ADOBE PATTERN LIBRARY
Moving from boxed products (with their traditional 18-month lifecycle) to a cloud-based recurring revenue model came with an expectation of much more frequent updates. This, coupled with the ability of a customer to unsubscribe at any time, was the driving force behind making our products work more consistently and release more frequently.
By creating a component architecture we hoped to drive both of these things; but beyond just ensuring consistency of design and speeding time to market, it would allow the individual product designers to concentrate on innovation within their particular domain.
We chose to start with the (then) nascent touch space, as there was a greater opportunity to effect change. We hoped that success in this area would also bring learnings we could use to roll out this approach across a greater range of products and services.
I was the user experience lead and acting project manager for this initiative, partnering with designers, product managers and other key stakeholders from around the world and paired with a local engineering scrum team to deliver these as reusable code.
I began with an audit of the existing body of work, and interviewed each of the key stakeholders to get a better understanding of the problem space and their hopes and concerns.
Also, realizing that adoption of these components would, in part, be driven by my ability to build consensus, I began a series of recurring meetings with a core team to review existing work, work in progress and the desired functionality of future releases. This in turn created a prioritized list of potential components...which was then reviewed with the extended teams (6 offices across 4 countries). Feedback was collected and designs iterated.
The results of this initiative were a set of guiding principles, patterns, components (asset sheets), a guide to consistent use of gestures, icons and an aggregator page which would automatically list all projects tagged as “touchapps” within the wikispace.
To improve ease of adoption, a Getting Started Guide was created as a starting point for new designers to the touch space. It included:
the overall goals of the initiative
a set of 6 guiding principles for Adobe touch design,
links to a distilled version of both the Android and iOS HIGs
a simplified version of our globalization rules (worked on as a collaboration with the localization team)
Established patterns were grouped by affinity and behaviors documented. Each section had both a brief description of the logic for each state of the patterns as well as examples of each possible state (non-application specific). These examples were provided as both .ai and .psd files so that any of the designers could use them as a starting point for their designs
While the patterns were a good starting point for any design, it was through the use of a consistent library of components that designers could still innovate while maintaining the “look and feel” of the Adobe Touch brand.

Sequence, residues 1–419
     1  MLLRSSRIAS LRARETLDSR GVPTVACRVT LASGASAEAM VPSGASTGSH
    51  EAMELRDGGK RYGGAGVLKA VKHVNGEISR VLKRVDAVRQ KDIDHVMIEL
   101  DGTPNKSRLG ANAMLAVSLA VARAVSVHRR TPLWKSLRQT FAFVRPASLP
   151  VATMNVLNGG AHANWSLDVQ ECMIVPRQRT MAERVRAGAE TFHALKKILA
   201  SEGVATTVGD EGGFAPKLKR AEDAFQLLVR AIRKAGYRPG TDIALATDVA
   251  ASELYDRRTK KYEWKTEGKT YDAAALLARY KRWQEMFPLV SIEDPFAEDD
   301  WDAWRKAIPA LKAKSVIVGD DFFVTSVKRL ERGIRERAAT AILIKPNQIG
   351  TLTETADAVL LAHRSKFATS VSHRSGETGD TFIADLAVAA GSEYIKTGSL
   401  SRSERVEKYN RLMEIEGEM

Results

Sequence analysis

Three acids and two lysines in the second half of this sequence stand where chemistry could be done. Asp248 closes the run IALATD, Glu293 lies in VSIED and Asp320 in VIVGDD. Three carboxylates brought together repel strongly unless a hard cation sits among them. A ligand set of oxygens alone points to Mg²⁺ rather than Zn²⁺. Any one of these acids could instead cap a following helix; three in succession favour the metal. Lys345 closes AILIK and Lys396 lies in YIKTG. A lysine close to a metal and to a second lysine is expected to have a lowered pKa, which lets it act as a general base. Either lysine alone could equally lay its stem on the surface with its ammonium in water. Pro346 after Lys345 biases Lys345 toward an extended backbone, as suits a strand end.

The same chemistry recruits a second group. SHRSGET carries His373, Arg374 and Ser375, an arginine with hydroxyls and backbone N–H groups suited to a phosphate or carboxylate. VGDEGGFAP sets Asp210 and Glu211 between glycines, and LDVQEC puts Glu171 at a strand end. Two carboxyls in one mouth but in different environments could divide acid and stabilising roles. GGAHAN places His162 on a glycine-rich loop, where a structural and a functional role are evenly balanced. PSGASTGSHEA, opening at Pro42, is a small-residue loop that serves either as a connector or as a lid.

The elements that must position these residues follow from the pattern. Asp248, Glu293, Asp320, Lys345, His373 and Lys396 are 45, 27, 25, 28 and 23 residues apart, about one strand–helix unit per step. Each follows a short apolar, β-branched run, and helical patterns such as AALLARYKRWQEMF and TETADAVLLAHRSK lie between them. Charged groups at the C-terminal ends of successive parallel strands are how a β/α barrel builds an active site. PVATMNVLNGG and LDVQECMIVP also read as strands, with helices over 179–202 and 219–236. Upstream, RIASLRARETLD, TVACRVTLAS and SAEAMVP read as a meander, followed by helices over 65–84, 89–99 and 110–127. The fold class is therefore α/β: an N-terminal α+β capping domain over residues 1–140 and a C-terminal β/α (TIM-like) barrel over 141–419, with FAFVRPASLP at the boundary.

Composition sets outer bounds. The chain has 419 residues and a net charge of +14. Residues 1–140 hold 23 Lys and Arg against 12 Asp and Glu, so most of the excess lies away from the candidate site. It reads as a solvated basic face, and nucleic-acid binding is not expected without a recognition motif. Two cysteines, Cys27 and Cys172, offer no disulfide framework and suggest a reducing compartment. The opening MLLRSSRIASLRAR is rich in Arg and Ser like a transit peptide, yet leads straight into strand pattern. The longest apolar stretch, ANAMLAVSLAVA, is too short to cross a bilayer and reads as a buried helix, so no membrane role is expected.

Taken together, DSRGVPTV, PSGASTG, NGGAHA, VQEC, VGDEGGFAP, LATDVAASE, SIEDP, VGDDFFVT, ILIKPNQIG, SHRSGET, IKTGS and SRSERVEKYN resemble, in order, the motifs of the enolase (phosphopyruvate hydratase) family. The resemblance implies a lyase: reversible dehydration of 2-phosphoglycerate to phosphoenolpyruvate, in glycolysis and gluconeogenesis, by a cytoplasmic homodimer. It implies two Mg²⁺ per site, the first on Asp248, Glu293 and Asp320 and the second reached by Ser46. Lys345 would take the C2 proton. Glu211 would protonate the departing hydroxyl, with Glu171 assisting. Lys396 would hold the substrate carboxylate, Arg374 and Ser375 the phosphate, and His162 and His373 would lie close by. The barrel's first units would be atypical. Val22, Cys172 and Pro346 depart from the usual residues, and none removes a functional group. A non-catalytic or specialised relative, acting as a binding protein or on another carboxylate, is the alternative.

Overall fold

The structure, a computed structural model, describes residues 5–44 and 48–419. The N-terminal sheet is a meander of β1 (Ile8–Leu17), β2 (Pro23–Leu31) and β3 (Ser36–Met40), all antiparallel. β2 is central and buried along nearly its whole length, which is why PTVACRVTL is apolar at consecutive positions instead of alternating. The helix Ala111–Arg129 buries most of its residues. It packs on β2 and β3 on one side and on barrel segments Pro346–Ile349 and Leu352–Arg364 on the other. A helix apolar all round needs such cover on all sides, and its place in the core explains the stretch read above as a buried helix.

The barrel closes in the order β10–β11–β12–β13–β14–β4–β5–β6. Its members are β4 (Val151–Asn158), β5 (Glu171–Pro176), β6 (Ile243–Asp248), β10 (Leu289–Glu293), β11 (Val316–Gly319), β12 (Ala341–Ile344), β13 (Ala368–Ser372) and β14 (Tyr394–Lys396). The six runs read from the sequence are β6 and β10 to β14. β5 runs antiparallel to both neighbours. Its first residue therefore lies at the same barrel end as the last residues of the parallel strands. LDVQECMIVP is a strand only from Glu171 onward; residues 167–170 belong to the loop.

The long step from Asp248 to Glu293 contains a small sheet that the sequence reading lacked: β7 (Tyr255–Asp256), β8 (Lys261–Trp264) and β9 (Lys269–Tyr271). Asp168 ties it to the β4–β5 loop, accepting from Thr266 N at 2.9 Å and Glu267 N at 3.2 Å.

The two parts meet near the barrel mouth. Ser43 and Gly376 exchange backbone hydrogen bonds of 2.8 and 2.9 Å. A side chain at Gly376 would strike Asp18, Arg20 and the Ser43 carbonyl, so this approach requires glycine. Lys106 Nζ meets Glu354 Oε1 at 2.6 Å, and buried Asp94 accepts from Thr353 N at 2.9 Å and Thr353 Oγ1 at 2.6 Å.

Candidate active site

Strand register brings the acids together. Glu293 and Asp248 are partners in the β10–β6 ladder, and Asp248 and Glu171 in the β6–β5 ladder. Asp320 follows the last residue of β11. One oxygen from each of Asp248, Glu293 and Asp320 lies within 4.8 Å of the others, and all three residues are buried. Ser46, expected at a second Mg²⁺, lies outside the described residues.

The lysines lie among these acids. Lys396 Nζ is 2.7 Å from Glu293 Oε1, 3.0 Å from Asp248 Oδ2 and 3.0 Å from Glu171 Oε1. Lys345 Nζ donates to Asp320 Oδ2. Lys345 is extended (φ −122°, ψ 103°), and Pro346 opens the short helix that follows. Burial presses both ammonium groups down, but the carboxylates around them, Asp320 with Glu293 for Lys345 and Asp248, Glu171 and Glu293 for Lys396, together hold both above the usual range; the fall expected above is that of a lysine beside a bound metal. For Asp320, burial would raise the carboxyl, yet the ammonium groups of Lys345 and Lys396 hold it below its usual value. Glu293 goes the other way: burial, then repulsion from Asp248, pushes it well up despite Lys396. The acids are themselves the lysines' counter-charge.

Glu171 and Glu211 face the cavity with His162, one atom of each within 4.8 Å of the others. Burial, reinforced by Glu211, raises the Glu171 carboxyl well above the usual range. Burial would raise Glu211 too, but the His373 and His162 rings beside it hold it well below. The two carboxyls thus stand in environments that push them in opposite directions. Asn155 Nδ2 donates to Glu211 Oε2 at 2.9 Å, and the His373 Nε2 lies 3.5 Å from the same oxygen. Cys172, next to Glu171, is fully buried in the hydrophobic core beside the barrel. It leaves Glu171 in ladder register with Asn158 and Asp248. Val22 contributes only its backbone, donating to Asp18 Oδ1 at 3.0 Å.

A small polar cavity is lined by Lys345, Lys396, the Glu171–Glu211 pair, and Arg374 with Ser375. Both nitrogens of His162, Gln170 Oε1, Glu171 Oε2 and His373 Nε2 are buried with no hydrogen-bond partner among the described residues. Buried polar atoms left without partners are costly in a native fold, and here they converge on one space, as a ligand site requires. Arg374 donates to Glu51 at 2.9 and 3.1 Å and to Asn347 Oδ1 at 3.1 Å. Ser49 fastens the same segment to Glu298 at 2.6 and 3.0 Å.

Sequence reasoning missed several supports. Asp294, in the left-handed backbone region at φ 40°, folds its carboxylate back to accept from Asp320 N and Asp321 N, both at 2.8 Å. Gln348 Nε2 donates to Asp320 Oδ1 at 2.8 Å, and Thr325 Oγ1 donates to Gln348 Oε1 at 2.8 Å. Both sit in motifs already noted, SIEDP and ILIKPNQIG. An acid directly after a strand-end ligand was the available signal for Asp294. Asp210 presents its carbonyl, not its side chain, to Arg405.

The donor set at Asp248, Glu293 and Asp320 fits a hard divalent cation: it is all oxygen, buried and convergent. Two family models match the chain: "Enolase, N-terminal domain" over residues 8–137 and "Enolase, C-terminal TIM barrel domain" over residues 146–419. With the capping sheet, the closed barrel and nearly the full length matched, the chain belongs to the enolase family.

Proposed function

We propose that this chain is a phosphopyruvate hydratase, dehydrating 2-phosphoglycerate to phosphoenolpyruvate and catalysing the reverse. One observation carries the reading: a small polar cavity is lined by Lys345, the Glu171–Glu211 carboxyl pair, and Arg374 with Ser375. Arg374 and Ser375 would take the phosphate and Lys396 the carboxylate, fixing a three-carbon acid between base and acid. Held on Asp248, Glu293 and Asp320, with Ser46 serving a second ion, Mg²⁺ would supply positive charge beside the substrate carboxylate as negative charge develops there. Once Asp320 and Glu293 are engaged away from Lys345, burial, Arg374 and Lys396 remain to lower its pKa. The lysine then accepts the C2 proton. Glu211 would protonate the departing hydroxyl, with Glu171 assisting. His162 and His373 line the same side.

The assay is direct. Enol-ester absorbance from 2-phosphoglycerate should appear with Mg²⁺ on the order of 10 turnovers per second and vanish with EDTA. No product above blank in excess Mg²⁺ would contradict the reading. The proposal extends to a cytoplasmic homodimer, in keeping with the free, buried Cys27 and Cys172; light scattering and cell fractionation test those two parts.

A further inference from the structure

Asset sheets were created for both Android and iOS in both .psd and .ai format (this was a collaboration with a visual designer on our team, with my giving general direction and feedback as requested). Each OS had its own nuance, while maintaining a generally consistent look and feel (while being good citizens of the OS)
I also acted as a liaison with our icon team (located in Germany). I would meet with them weekly to provide feedback on our existing body of icon work and to communicate a prioritized list of our “asks” from the designers. The Icon team would then, in turn, create and maintain the icons within this page. (the exception to this process being an "all hands on deck" week prior to Apple releasing the retina displays...during which every designer on the team was responsible for producing their @2x assets)
Improving cross team communication became another top goal. (we had teams working on projects in two offices in California, Seattle Washington, Ottawa Canada., Bern Switzerland, Hamburg Germany and Bangalore India)
I created a single reference where any designer could quickly look through the work of their peers, ask questions and provide feedback
Through the use of tagging, projects would automatically be added to this page.
Periodically the core team would surf the wiki and add tags as needed.
Through improved cross-team communication, the creation of assets and patterns which could be used as the starting point for any projects and most importantly improved communication between all those involved, we were able to effectively improve time to market by a factor of twofold while also maintaining a consistent brand/product experience.
Beyond this, as designers weren't reinventing the wheel (e.g. we no longer would have three designers spending time designing a sign in experience) we had more time to innovate resulting in a record number of patent applications for the period following this implementation of this process.
This process was repeated for several other domains based on the success of this initiative including Web, Professional Products, Enterprise Services (later led by myself) and Consumer products.